EBVS measures the attempts that terminated before the video started—without a reported fatal error. If a fatal error is reported when the video terminates before starting, the video termination is counted as a VSF instead of EBVS. The most common reason for EBVS is that content isn’t loading fast enough. There are many reasons that could cause this problem and drilling down from EBVS is an extremely efficient way for TechOps teams to diagnose one of the most frustrating viewer experience pitfalls in streaming media—a black screen.
Average bitrate calculates the bits played by the player. The bits played do not include bits in buffering or bits passed during paused video. Typically, the higher the bitrate, the better the image quality and viewer experience. By looking at bitrate across content, devices, player software, CDNs, and more, TechOps teams can pinpoint the places causing poor bitrate and plan for optimizing those areas. For example, identifying a specific player device with drastically worse average bitrate could be an indicator to product teams that a specific device or app software version may need optimization.
Average frame rate
Average frame rate measures the average number of decoded frames, in frames per second (fps), played by the player. Typically, the higher the frame rate the better the image quality and viewer experience. Underperforming frame rate can be a clear indicator of an encoding problem on media assets.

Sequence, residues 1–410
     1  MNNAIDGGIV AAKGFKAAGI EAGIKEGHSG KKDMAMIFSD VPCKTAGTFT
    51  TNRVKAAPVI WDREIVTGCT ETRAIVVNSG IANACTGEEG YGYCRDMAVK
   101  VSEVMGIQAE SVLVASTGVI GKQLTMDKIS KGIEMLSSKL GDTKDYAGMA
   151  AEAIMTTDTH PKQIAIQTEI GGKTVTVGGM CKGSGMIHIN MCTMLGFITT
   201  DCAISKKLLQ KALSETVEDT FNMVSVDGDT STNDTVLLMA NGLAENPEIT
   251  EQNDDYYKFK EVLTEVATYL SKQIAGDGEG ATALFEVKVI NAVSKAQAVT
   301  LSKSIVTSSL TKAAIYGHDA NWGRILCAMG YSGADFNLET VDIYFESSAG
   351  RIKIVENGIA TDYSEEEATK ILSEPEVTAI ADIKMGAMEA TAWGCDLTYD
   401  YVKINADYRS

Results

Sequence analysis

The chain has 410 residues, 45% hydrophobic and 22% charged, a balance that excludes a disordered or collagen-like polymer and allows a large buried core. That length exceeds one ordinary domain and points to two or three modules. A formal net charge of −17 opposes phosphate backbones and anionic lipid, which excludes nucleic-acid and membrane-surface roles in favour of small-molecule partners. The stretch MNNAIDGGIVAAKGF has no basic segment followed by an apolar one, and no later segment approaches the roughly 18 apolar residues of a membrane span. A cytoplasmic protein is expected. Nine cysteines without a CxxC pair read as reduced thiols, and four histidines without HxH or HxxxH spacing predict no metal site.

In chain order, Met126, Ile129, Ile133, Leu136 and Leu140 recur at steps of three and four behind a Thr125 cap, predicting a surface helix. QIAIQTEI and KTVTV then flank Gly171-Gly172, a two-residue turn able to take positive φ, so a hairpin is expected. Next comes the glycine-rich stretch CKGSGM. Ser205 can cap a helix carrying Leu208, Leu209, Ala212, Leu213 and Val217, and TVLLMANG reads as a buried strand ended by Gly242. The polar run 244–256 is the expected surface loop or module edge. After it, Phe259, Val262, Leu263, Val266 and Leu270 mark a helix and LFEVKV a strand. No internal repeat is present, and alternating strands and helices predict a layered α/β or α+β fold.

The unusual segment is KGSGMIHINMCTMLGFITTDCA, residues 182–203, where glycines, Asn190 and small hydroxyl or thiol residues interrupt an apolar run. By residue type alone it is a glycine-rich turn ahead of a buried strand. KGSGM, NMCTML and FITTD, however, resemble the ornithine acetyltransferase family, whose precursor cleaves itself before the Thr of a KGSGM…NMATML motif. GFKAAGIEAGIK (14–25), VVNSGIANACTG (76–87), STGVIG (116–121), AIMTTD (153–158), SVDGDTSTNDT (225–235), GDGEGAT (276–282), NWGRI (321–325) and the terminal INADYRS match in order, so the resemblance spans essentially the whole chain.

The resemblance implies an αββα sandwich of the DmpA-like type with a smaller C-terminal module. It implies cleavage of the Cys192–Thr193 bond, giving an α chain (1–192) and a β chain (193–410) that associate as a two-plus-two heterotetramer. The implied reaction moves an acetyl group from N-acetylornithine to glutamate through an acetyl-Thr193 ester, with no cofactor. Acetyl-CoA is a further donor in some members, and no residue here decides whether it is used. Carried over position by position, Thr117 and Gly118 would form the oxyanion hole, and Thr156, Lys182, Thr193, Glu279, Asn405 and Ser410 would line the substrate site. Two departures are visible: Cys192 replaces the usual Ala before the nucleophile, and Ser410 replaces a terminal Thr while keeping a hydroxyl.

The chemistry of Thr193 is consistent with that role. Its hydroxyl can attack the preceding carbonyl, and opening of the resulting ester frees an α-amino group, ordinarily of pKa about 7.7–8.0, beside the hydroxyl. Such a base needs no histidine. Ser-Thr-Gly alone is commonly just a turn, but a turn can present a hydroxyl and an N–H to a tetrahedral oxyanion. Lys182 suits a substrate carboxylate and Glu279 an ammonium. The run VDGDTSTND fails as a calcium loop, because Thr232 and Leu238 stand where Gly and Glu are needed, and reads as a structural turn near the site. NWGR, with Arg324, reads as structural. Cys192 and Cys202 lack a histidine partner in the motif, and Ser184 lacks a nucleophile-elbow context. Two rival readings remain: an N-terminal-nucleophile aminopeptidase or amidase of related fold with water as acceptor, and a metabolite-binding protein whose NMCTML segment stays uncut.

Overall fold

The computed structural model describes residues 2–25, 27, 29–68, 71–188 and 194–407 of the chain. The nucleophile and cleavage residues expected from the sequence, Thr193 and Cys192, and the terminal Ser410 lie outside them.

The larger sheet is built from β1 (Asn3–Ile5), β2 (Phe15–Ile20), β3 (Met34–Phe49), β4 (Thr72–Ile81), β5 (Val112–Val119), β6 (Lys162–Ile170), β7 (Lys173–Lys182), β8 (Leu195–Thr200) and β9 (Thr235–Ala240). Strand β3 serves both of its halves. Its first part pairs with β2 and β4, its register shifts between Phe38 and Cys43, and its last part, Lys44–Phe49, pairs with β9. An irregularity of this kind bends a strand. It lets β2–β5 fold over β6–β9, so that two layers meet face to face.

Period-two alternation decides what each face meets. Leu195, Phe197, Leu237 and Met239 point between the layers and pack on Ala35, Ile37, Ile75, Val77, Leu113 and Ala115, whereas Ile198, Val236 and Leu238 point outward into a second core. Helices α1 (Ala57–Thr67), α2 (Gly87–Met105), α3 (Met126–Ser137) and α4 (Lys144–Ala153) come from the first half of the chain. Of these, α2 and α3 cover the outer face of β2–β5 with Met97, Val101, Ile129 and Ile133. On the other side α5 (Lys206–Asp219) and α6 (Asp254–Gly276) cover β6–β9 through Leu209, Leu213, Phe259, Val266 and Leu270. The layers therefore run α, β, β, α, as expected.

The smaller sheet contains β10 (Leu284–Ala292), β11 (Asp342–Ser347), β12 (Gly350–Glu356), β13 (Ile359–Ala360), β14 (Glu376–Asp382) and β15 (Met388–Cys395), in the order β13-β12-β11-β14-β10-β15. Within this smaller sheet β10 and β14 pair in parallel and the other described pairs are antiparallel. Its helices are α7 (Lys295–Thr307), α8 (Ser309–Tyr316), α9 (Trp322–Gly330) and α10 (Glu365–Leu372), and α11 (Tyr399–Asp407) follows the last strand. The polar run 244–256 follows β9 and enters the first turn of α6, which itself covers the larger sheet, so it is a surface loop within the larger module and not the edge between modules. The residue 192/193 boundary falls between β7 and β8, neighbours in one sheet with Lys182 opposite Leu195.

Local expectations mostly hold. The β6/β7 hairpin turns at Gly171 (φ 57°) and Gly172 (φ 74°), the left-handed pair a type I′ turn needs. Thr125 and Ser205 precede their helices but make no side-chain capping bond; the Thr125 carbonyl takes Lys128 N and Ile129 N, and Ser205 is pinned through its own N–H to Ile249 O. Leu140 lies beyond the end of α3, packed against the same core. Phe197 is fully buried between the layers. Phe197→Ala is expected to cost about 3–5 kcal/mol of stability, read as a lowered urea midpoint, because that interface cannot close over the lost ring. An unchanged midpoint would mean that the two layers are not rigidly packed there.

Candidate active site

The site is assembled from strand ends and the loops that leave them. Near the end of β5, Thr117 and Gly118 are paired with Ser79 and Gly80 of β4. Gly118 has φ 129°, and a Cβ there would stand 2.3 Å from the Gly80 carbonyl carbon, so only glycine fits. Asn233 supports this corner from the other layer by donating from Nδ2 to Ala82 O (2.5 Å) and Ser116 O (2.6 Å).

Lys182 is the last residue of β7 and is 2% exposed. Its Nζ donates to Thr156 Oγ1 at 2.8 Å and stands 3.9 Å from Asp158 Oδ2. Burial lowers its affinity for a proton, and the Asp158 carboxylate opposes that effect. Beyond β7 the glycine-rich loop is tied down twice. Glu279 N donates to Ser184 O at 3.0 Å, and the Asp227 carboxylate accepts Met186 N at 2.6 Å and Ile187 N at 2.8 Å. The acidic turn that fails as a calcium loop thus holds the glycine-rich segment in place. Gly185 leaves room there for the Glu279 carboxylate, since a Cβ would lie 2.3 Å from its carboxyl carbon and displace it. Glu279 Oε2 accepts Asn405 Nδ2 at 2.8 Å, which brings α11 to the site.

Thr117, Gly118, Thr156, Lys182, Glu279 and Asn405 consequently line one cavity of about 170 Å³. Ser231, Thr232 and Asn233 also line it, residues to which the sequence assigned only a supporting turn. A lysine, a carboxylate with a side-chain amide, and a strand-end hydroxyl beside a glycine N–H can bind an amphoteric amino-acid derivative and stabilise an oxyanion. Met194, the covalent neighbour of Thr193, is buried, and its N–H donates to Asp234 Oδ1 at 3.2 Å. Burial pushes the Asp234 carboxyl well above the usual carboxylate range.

Rendering quality is the ratio (as a percent) of video rendering rate to encoding rate. For example, if the rendering rate is 20 frames/sec and the encoded rate is 24 frames/sec, the rendering quality is 83.3%. The rendering rate can differ from the encoded rate because the player will skip frames while a video is being screened if it can’t get them quickly enough. This metric can help you determine if your rendering rate and encoding rate are appropriate.
Bandwidth is the aggregate bandwidth across all videos for a selected time range. The bandwidth metric can be used to identify underperforming CDNs and ISPs across the overall delivery of your streaming service while also being a very valuable metric on the individual viewer level, which is crucial for customer care. For example, when attempting to diagnose whether a viewer performance issue is caused by an upstream provider versus the last mile.
Understanding exactly what your viewers are experiencing enables teams to understand viewer engagement as well as diagnose and optimize stream performance to ensure a flawless experience for everyone, on every screen, every time. In our next blog, we’ll explore the metrics that matter to marketers.